Defense lawyers for the five men said the government’s proposed protective order governing the handling of classified information is too broad and would prevent them from effectively representing their clients.

Joanna Baltes, a prosecuting attorney, said the proposed protective order is almost identical to one often used in federal courts. She said the government wants the order approved to guard against “potential disclosures that could be harmful to national security.”

Army Colonel James Pohl, the military judge, recessed the hearing day without ruling on the issue.

The consideration of how to handle sensitive information in the biggest terrorism case in U.S. history coincided with a ruling questioning the credibility of military tribunals.

National Security letters: Why Reform is Necessary

http://cardozolawreview.com/index.php?option=com_content&view=article&catid=14%3Afeatured-de-novo-articles&id=202%3Awellsn...

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Home de•novo Articles Featured Articles National Security letters: Why Reform is Necessary
National Security letters: Why Reform is Necessary
Desirae L. Wells

2012 Cardozo L. Rev. de novo 216
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INTRODUCTION

A National Security Letter (“NSL”) is a form letter signed by an FBI Agent, with no judicial approval, compelling disclosure of sensitive information held by banks, credit companies, telephone carriers and Internet Service Providers. NSLs provide the Government with an extraordinary power and are controversial because of this extraordinary power. This power has been expanded under the Patriot Act. There has been much opposition to NSLs. Some argue that NSLs are an "unreasonable" search and seizure of customer records and thus a violation of the Fourth Amendment; the scope of NSLs is overreaching and unwarranted; NSLs are coercive in nature and the requirement of secrecy is dangerous; and most importantly, the lack of judicial oversight is unconstitutional. Essentially, opponents argue that we must not impede on our constitutional rights in the name of “protecting the country from terrorists.”1
However, there is also much support for NSLs. Proponents argue that NSLs serve as a key tool in allowing the FBI to follow leads when the target of an NSL is not necessarily the target of the investigation. NSLs assist the FBI in collecting information sufficient to eliminate concerns about investigative subjects and close national security investigations with a greater degree of confidence. Thus, in this post 9/11 world, national security is so important that extraordinary measures must be taken to protect its citizens. But can there be a balance? Are NSLs illegal, unwarranted searches that violate the First and Fourth Amendments, or are NSLs a necessary and highly effective counter terrorism and counterintelligence tool needed in this Post 9/11 area? Is there a way to improve NSLs so that they function as a [Page 217] necessary tool for the government while protecting the rights of citizens at the same time?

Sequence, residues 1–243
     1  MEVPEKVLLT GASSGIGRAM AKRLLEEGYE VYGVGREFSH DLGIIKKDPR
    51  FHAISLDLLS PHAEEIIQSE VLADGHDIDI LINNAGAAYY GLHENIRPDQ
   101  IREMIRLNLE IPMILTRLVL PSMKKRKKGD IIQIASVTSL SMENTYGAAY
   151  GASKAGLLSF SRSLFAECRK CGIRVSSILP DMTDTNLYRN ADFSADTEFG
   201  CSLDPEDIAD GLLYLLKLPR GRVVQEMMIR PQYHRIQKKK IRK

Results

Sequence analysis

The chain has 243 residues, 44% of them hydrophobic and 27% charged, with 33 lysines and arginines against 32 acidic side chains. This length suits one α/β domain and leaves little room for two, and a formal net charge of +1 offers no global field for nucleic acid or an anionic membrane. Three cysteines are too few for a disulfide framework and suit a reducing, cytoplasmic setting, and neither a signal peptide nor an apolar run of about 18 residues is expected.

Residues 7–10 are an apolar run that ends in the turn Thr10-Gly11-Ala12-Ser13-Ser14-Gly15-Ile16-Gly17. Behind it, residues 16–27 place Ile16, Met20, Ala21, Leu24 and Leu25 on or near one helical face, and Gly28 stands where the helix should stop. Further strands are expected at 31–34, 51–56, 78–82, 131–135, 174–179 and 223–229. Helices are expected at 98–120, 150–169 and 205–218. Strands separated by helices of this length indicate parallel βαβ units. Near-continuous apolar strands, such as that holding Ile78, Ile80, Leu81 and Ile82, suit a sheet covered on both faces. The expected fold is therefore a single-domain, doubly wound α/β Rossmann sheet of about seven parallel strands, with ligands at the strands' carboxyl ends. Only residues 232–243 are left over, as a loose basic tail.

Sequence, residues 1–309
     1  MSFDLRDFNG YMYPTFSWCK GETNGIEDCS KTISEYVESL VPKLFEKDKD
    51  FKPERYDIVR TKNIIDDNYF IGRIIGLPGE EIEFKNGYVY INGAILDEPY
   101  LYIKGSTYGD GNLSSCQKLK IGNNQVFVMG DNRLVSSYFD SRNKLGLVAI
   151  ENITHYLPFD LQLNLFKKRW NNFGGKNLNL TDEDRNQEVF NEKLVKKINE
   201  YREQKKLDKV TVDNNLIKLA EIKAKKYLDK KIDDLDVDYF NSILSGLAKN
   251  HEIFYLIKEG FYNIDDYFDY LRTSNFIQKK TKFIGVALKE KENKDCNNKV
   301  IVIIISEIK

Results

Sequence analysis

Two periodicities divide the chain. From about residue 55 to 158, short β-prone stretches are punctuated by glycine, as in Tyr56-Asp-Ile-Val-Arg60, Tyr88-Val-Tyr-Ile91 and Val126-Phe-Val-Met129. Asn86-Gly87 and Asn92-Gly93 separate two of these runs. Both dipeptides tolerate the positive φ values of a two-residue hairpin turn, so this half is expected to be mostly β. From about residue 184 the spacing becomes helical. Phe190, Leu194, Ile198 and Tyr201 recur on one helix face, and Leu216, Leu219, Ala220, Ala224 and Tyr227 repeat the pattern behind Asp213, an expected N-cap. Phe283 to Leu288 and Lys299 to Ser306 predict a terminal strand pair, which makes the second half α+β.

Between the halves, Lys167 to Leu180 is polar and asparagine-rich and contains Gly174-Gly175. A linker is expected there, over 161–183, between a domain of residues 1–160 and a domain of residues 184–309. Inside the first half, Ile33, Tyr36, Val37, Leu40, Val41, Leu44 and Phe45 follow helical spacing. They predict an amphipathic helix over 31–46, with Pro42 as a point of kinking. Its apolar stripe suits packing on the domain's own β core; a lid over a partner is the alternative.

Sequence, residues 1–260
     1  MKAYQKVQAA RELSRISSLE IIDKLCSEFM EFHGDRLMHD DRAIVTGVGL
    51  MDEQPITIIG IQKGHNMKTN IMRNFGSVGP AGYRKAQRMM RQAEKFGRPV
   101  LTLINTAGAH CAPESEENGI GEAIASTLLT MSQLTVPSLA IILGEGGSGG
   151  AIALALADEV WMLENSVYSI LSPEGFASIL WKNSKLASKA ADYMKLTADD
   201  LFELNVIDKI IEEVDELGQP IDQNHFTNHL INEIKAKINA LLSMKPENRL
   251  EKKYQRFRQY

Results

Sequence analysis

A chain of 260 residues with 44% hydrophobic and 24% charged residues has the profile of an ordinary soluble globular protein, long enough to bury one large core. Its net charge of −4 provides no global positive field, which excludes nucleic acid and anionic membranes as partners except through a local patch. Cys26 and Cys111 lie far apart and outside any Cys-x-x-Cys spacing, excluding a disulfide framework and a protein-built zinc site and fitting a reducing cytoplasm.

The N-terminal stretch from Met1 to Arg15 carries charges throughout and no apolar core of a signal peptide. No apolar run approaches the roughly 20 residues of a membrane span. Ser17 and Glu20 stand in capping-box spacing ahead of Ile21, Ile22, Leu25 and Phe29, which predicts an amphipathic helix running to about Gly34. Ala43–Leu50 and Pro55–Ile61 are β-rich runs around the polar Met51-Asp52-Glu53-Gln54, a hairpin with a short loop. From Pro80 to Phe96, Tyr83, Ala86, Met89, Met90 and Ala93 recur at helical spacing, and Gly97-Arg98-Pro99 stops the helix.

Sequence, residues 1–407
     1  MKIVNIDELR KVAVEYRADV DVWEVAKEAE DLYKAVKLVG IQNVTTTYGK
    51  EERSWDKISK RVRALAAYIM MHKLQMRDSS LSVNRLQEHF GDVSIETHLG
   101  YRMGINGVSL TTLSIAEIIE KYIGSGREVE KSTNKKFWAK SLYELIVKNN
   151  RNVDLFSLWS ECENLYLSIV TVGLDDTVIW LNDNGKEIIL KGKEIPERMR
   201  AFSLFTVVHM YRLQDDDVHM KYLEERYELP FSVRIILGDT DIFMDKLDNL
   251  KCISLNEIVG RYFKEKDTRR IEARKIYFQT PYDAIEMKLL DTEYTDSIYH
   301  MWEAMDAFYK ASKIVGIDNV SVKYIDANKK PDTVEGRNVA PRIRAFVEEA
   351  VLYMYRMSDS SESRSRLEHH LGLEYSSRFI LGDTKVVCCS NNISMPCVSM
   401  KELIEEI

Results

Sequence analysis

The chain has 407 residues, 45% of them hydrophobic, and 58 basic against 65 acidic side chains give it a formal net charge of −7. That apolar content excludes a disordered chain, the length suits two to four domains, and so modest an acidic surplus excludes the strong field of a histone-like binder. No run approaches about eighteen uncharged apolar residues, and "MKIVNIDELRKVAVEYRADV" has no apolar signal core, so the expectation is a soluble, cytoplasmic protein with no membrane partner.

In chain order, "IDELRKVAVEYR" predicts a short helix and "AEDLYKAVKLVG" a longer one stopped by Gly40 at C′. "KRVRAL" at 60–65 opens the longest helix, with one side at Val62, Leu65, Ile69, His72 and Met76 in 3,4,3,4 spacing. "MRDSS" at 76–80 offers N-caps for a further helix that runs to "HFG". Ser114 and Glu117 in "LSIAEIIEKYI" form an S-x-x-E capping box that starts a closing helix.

The answer is two-fold. As written, NSLs arguably violate tenets of the Constitution. They are intrusive in scope and method, they are coercive in nature and the secrecy surrounding the scope of their use and their operation complicates any effort at reform. Can they be improved? Yes, with precision and depth. Some statutes must be repealed and others may be simply enhanced with explicit protections for individual liberties. Admittedly, we want a government that is focused on protecting its citizens against terrorism in this post 9/11 world. However, we as citizens should not have to sacrifice our individual rights and privacy afforded under the Constitution to meet these tasks.
In this paper, I will describe the NSL statutes, the arguments for and against NSLs, how NSLs were used both pre and post 9/11 and detail suggested recommendations as to how NSLs can be improved.

NY court considers if NYC street gang member is ‘homegrown terrorist’ under post-Sept. 11 law

http://www.washingtonpost.com/national/ny-court-mulls-if-nyc-street-gang-member-is-homegrown-terrorist-under-post-sept-11-...

NY court considers if NYC street gang member is ‘homegrown terrorist’ under post-Sept. 11 law

By Associated Press, Published: October 8

ALBANY, N.Y. — In 2002, a New York City street gang crashed a christening party, shouted out their superiority, confronted a rival and started a fight that left a 10-year-old girl dead and someone else paralyzed.

On Tuesday, New York’s top court will consider whether one of the gang members is a homegrown terrorist.

Edgar Morales, a member of the Mexican-American gang the St. James Boys, sought to intimidate an entire population and deserves more prison time than others convicted of the same crimes, Bronx prosecutors say. They got him convicted for the shooting death in 2007 under the state’s anti-terrorism statute, the first case of its kind in New York.

“Violent crime committed by a street gang constitutes a crime of terrorism ... when it is motivated solely by the intent to establish a gang’s ‘street credentials’ as the toughest Mexican gang in the Bronx,” because those crimes are intended to intimidate or coerce a civilian population, prosecutors argue in a court filing.

They applied a statute that New York lawmakers passed just six days after hijackers crashed two jetliners into the World Trade Center towers on Sept. 11, 2001, killing nearly 3,000 people.

Now 30, Morales was accused of firing five shots during the August 2002 fracas outside the christening party at a church, killing bystander Melany Mendez. Morales told police he was there and briefly handled a gun but said he wasn’t involved in either the fight or the shooting.